Are you overwhelmed by the amount of spam and scams you receive on a daily basis? You’re not alone. With increased online activity, bad actors are getting smarter about getting past the filters meant to protect users from suspicious activity. These malicious activities can compromise your privacy, steal your money and even damage your reputation.
It’s easy to be taken in by phishing scams and spammers since scammers are clever and often use psychology to trick people into handing over their personal information. However, with the right knowledge, you can learn to recognize and avoid phishing and other online scams.
Scammers use fear, urgency and flattery to create a sense of false urgency and make their offers seem too good to be true. They also try to make victims feel guilty or embarrassed in order to get them to act quickly without thinking. Be wary of any offer that seems too good to be true, and never give out your personal information.
Unwanted or unsolicited spam messages can be annoying and time-consuming to deal with, but they are generally not as harmful as other email threats. Phishing emails, however, are especially dangerous. These are fraudulent attempts to steal personal information, such as passwords or credit card numbers, by masquerading as a trusted entity, such as a bank or social media platform. Phishing emails often contain links that, when clicked, direct users to fake websites that look legitimate but that are designed to steal private information.
The best way to protect yourself from spam is to manage your email accounts properly. Use strong spam filters that help block unwanted messages and be sure to keep those filters up to date. Delete emails from unfamiliar senders and don’t click on a link or download an attachment from a suspicious email. Don’t attempt to unsubscribe from unfamiliar spam since that alerts the spammer that your email address is active. If you do receive a suspicious email, forward it to your email provider or report it to the Federal Trade Commission (FTC).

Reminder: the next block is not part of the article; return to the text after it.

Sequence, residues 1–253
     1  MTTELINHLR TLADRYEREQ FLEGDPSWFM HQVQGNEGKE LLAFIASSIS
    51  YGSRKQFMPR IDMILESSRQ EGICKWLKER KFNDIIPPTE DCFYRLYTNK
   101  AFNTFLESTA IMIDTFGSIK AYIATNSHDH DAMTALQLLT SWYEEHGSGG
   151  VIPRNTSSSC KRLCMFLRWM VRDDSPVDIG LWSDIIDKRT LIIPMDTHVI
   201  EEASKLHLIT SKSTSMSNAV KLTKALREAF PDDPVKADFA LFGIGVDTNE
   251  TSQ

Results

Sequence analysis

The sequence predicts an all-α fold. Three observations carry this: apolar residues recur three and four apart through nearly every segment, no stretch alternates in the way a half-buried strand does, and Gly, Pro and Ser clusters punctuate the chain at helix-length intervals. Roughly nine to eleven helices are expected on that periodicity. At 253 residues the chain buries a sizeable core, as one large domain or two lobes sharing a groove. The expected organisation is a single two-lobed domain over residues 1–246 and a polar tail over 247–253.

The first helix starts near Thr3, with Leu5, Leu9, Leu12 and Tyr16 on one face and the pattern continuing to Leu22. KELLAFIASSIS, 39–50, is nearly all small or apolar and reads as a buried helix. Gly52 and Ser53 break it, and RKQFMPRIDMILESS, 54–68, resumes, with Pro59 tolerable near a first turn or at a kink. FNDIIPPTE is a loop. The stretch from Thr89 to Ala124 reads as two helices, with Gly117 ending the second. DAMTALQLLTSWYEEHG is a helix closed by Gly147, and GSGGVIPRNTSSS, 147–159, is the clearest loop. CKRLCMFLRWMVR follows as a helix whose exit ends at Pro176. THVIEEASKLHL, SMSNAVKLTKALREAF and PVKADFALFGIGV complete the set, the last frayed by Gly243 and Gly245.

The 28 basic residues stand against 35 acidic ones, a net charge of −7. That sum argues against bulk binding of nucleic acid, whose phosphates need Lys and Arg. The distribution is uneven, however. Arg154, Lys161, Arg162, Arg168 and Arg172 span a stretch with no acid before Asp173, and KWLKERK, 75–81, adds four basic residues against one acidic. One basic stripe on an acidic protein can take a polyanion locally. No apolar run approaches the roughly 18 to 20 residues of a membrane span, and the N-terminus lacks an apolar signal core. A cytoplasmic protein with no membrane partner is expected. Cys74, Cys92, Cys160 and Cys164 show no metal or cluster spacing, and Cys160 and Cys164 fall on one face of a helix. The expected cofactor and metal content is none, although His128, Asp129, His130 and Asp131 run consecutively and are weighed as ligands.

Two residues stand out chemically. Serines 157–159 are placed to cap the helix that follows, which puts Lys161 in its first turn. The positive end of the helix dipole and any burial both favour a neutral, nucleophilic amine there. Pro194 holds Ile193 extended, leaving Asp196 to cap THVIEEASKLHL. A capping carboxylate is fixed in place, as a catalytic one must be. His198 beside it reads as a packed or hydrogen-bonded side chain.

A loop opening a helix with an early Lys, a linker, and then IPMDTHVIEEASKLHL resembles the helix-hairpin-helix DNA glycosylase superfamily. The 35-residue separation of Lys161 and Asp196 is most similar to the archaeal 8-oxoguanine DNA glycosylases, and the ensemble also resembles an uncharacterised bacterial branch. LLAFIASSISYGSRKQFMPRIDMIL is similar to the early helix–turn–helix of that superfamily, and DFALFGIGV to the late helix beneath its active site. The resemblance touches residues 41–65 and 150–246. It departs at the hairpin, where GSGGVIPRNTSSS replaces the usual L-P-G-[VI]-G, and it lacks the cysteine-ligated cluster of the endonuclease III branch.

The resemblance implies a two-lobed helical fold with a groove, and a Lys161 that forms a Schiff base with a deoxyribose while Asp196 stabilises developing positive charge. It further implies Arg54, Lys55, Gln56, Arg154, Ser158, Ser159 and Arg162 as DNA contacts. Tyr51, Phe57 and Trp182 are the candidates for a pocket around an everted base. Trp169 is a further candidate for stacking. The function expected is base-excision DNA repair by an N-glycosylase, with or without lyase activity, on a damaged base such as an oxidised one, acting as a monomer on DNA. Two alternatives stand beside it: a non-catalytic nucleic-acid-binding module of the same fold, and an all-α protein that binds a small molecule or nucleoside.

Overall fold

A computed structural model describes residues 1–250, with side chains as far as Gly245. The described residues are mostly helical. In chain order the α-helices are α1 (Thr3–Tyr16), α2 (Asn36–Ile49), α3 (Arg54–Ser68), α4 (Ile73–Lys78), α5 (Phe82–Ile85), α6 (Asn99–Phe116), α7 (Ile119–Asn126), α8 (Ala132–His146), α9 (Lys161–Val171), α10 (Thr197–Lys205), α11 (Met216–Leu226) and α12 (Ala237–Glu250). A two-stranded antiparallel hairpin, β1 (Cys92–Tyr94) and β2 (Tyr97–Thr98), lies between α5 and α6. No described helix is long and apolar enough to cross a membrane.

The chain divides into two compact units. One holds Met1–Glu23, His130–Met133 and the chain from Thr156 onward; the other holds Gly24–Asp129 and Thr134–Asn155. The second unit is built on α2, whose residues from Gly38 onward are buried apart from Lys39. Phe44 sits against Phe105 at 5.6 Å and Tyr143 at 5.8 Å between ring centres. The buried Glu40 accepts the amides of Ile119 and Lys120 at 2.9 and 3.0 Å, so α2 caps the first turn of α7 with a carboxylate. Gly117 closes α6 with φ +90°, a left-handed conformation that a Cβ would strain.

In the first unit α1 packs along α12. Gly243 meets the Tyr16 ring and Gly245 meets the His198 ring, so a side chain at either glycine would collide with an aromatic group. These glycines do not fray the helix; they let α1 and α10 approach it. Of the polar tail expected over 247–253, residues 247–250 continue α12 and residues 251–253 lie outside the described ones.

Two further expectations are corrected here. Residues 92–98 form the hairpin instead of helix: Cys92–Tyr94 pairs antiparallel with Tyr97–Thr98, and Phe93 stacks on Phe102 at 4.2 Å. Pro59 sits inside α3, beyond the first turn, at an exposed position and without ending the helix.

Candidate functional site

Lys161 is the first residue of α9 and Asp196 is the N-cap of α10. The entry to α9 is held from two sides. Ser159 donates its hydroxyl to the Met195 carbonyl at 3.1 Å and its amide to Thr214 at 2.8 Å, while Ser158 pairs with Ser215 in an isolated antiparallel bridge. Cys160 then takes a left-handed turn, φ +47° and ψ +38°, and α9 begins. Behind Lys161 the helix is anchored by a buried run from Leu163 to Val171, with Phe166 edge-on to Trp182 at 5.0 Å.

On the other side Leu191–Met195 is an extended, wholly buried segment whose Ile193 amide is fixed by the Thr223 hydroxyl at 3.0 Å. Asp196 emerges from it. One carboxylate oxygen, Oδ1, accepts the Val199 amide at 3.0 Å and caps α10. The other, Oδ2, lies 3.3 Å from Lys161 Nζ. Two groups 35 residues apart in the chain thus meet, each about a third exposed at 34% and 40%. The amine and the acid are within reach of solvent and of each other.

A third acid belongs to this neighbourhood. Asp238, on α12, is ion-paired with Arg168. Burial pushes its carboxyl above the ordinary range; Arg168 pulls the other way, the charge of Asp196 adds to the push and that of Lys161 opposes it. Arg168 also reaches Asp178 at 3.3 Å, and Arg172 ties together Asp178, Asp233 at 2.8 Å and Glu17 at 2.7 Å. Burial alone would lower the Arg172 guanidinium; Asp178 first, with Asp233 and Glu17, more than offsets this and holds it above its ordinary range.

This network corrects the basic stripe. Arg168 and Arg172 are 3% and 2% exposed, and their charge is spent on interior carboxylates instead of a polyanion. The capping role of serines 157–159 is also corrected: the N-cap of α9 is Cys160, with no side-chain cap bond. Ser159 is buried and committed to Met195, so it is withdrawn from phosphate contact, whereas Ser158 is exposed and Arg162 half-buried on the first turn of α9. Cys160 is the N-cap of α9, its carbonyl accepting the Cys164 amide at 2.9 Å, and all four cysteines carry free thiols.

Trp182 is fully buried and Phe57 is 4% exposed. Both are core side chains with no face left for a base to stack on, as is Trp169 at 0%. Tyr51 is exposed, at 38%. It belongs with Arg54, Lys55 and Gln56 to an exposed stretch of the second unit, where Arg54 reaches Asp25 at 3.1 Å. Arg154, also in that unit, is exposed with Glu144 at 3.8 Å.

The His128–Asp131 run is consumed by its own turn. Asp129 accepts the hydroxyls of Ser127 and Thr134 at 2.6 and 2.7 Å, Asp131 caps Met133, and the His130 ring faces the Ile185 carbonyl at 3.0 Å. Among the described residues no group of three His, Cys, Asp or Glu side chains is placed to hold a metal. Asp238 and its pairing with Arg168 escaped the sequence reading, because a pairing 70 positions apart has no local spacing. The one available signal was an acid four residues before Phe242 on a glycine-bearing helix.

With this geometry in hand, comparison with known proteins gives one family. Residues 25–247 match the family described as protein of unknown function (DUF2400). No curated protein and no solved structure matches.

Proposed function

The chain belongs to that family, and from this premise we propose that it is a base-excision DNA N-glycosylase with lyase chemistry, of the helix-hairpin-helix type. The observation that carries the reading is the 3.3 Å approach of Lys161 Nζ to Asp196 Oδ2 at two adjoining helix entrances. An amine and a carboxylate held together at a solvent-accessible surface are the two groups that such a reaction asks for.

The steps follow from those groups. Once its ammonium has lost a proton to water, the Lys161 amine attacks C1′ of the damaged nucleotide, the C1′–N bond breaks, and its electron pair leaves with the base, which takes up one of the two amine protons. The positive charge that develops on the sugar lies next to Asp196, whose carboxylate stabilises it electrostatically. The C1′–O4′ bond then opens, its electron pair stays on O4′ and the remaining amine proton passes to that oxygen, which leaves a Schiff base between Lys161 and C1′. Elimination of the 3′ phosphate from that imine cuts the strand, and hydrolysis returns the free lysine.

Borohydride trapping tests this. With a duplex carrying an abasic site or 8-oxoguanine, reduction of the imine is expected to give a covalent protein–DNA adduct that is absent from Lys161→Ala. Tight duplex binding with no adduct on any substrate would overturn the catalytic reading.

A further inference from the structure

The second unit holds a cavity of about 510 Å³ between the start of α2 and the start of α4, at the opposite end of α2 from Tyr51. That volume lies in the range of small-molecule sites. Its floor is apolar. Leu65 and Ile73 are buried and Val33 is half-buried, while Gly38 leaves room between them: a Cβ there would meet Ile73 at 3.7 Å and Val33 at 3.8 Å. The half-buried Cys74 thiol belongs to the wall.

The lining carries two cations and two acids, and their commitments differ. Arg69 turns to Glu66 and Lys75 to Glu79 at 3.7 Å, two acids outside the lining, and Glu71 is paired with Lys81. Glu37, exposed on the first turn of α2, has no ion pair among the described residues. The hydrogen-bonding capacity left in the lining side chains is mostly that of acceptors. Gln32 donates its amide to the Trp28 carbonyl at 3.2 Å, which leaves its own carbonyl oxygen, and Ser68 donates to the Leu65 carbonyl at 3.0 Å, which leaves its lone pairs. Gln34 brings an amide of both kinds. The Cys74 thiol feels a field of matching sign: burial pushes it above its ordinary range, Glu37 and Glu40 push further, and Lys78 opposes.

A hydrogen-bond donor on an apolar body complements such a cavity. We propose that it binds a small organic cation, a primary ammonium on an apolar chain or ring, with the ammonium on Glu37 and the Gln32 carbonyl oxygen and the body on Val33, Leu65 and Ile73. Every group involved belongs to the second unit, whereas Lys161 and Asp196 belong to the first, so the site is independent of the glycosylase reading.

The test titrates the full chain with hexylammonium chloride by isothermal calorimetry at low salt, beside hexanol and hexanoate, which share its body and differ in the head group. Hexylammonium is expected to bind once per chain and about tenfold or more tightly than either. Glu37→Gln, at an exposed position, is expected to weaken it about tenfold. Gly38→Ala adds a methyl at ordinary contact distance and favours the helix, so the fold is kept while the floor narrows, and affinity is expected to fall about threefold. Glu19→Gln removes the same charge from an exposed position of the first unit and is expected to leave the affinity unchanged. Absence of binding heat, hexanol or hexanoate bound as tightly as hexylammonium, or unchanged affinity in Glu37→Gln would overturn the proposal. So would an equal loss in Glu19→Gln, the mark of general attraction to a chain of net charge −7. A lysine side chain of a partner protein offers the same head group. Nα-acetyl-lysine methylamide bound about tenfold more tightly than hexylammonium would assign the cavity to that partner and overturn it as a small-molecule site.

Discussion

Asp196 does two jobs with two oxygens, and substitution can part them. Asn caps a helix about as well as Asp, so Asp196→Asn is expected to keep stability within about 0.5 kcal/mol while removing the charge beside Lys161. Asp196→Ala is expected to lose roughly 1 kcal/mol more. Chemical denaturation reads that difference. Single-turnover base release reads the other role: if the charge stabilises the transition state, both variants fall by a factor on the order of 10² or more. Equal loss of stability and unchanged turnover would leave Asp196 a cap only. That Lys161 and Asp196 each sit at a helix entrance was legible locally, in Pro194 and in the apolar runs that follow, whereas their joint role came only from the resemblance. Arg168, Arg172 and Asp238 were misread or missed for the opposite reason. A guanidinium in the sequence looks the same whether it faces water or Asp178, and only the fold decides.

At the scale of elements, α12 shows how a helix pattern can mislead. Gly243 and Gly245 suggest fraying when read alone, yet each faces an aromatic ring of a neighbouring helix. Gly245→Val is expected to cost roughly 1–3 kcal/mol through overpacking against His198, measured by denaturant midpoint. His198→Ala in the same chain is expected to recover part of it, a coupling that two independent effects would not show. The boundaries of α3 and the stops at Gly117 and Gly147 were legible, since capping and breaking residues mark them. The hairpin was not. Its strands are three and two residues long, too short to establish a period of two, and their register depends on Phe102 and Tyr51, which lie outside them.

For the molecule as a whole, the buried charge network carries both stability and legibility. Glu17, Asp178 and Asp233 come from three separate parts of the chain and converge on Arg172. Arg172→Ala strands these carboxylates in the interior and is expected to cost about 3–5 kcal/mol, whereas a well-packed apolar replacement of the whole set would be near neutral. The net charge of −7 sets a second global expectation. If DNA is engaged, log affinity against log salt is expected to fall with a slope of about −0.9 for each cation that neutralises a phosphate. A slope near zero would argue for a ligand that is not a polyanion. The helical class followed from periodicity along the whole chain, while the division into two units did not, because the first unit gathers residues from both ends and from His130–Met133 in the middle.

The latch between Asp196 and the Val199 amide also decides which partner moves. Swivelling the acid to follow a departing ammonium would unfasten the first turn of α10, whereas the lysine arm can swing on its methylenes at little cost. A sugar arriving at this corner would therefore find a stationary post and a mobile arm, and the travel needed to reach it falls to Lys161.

Be cautious with your personal email address; don’t post it publicly online or on social media. If you have to share an email address with the public, use a disposable email address that you set up just for non-essential websites or marketing services. That email box can fill up with spam, and it won’t bother you a bit.
Urgent pleas, tempting offers or vague threats are common phishing tactics. A subject line like “Urgent: Account Action Required” should trigger alarm. Stay vigilant, avoid making hasty decisions and, if in doubt, throw it out.
The best way to protect yourself from phishing attacks is to hover over the sender’s email address and look for something amiss. Look closely and develop a keen eye. Are there typos, random characters, odd domain names or generic names like “admin?” Did you just get an email ostensibly from USPS that asks you to click to confirm your correct address – but the sender’s email address is email@example.com? Nope, that one’s not real. Delete. Don’t click, download or reply.
If you get an email from your bank or credit card company that states there is an issue with your statement, asks for personal information or asks that you click on something, be very suspicious. Legitimate companies don’t ask for personal information through email, and never ever call the phone number provided in the email! If you think there could actually be an issue with your statement or bill, find the company’s phone number to contact the company directly if you have any doubts.
Following these tips can protect you from being a victim of scams and spam. Managing your email accounts properly and reporting scams and spam are important steps in staying safe online. It’s always better to be safe than sorry.
- Be aware of offers that seem too good to be true.
- Update your software and devices regularly.
- Use strong and unique passwords for each online account.
- Utilize a password manager to store and encrypt passwords.
- Use a spam filter to help identify and block spam emails.
- Be aware of red flags such as misspelled words, broken links or requests for personal information.